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February 14, 20150 found this helpful

All of this should have been listed in the original child support decree so you should reread this and if your friend had a good attorney (better than his) it should state how future income changes would be handled.

If it does not state anything about "changes" in income then your friend may have to return to court and try to get it changed. Most likely there will not be anything done about the past but (?) it may be worth a try.

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August 8, 20130 found this helpful

Their mother reopened the case 3 years after the last son turned 18. The son has been paying the back child support because he doesn't want his father going to jail. The father lost his job two years ago and lives with his older son. The court hearing is in a few days, do you think they will throw it out or do you think the son is going to have to pay the rest of it?

By John

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August 10, 20130 found this helpful

You do not say why the father is not working or able to pay this back child support (arrears). If he can show the court that he is not able to work or applying for Social Security Disability they may take this in to consideration. Is he receiving Social Security Supplement Income (SSI) if so the court will more than likely excuse the arrears as someone who receives SSI cannot pay child support. Cannot fully answer your question without knowing the circumstances of the debtor parent (father).

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August 10, 20130 found this helpful

She should have gone after the father before her last son turned 18. Why is she taking money from her son who is probably trying to get established in his life. Not only is he paying his dad's debt, but his dad is living with him. His mother is also living off of him. The poor kid has two dead beat parents. Both parents should be out looking for work and not sponging off of their children.

I'm 69 years old and would be embarrassed to sponge off my kids!

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July 21, 2010

My husband was ordered to pay child support and left the country. Can I collect anything from his social security benefits? If so when? Thank you.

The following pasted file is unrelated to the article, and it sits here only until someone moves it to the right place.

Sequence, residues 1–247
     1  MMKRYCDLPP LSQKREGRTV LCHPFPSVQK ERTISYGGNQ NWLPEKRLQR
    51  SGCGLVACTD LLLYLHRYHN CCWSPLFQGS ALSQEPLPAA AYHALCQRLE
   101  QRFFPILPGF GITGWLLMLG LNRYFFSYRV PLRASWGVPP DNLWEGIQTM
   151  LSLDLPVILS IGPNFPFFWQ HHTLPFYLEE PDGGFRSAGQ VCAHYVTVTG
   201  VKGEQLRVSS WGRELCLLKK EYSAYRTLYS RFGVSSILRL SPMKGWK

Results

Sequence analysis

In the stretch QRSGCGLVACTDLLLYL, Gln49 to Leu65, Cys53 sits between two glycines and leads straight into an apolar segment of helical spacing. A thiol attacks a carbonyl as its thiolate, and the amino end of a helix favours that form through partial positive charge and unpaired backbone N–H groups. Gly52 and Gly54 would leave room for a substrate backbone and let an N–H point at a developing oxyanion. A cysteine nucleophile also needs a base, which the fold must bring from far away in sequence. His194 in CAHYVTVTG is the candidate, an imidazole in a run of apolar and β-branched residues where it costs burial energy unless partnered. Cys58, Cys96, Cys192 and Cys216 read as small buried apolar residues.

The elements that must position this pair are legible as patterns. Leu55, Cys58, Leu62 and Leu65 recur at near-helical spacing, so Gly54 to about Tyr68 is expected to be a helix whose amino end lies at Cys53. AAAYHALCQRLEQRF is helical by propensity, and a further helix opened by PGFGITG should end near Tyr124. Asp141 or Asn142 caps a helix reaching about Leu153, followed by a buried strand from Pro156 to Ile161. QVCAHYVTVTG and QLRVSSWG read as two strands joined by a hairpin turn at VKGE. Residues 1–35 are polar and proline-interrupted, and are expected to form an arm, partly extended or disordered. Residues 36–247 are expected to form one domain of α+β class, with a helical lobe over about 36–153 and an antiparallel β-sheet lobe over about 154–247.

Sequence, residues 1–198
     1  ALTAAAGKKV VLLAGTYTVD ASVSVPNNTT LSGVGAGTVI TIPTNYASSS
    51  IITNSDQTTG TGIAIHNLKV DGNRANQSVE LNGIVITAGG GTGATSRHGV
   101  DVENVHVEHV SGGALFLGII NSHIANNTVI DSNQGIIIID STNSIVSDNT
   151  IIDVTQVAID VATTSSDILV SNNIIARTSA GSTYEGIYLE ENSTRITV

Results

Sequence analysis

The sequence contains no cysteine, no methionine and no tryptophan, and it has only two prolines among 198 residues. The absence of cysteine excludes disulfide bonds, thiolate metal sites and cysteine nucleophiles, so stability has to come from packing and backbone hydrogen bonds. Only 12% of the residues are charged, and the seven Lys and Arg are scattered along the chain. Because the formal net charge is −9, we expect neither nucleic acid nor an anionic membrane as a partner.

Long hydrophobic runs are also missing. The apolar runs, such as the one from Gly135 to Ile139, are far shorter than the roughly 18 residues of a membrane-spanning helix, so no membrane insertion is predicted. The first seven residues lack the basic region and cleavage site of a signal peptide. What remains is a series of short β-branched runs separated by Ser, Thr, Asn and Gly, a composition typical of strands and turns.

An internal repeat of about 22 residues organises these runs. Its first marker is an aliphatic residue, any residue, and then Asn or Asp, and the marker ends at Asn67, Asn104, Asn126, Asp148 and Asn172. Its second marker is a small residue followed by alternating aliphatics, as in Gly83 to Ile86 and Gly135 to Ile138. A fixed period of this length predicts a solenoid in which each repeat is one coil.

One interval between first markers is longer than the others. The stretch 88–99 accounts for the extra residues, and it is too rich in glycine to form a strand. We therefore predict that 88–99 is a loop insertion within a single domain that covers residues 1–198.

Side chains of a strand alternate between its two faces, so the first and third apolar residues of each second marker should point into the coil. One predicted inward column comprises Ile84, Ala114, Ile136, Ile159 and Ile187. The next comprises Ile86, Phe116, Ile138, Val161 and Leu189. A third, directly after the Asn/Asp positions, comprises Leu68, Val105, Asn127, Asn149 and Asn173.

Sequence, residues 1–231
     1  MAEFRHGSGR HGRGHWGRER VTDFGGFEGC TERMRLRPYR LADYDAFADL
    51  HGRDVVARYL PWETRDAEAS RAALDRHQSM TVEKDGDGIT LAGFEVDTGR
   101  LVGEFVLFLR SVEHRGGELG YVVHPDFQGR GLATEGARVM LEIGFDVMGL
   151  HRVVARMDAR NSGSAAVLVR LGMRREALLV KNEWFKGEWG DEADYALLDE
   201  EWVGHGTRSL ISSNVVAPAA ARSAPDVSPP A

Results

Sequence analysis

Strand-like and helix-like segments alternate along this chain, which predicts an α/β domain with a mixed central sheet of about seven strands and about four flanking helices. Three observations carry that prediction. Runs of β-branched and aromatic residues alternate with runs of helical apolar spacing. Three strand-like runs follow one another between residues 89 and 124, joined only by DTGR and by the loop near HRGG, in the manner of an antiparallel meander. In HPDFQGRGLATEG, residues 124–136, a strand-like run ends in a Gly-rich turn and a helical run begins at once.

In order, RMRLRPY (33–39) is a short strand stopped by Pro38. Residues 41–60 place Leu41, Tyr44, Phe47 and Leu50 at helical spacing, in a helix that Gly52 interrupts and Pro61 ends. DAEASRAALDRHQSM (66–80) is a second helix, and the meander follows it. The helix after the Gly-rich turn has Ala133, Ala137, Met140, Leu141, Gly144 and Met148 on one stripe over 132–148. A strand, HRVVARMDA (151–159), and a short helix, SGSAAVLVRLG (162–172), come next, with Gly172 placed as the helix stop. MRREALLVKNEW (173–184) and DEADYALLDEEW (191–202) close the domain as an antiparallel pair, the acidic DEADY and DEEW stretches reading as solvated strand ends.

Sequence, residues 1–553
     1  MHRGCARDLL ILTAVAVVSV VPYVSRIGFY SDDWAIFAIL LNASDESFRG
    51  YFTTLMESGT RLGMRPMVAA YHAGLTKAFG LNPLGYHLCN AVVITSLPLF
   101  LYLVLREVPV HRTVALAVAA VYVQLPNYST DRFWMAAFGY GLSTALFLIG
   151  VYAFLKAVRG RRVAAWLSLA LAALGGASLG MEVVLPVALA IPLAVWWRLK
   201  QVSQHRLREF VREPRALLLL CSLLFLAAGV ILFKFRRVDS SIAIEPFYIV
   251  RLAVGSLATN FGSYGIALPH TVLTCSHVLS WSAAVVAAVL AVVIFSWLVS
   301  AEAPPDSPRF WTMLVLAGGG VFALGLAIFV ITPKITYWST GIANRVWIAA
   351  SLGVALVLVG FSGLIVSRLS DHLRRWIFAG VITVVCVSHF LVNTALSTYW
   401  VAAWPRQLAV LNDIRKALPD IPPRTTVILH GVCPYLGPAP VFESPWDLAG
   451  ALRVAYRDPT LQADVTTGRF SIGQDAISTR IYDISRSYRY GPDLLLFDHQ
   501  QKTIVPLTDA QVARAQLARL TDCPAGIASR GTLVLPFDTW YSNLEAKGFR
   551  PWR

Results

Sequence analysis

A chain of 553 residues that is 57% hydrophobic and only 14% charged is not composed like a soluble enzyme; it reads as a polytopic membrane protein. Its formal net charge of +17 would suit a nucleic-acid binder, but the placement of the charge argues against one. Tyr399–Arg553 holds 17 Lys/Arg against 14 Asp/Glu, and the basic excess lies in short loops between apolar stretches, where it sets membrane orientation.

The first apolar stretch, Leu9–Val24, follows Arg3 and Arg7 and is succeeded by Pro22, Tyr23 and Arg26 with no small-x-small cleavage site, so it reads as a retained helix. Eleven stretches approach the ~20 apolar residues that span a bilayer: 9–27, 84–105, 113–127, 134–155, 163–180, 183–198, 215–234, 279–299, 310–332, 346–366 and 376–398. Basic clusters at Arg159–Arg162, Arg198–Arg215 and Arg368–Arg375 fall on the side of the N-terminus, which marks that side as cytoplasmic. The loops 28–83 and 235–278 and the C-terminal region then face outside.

By Dimitra from Lilburn, GA

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July 28, 20100 found this helpful

It is not a felony unless the back support is at least $5,000. There are other circumstances that will make it a felony at that level also, but it is not an automatic felony at that point. You used to have to sign up for the tax check to be given to you, but I received one this year again now. If your ex is out of the country he will likely not be forced to pay. It is difficult to get other countries to accept foreign warrants. Good luck and don't give up.

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July 29, 20100 found this helpful

Depending on the state laws you are in. Many states attach it to tax returns, you can have your license pulled and be jailed for avoiding child support. You need to see a lawyer and/or humane services of your county if your child gets any services of any kind.

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July 28, 2015

I was wondering is there anything I can do about my ex collecting survivor benefits from her son's biological dad's Social Security and child support from me? I found out my son wasn't mine when he was 5 and shortly after that his mom changed his name cuz she found out his biological dad had passed away so she could receive benefits. I am paying child support for him still while she receives survivor benifits.

He still has his original name also, so idk if he has two socials or one with two names! Is there anything I can do? I just don't think this is fair because I have other children I can do more for.

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July 28, 20150 found this helpful

You can have the child support support order removed as you are not the biological father. You will need an attorney to file the required papers, etc., to move the case through the court system. Be sure to demand that the removal of child support order state specifically that you are not the actual father and you want a reimbursement of all you have paid as you are not the father.

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Parenting General Parenting Family FinancesSeptember 8, 2011
Guides
Paper art of stick figure man and woman with stick figure children separated by a torn dollar bill in the shape of a heart
Collecting Child Support Without a Separation or Divorce
A judge's gavel on top of hundred dollar bills.
Collecting Back Child Support
Child Support Payments and Social Security, Paper entitled Child Support Hearing.
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A book that says family law.
Collecting Child Support Owed by a Deceased Parent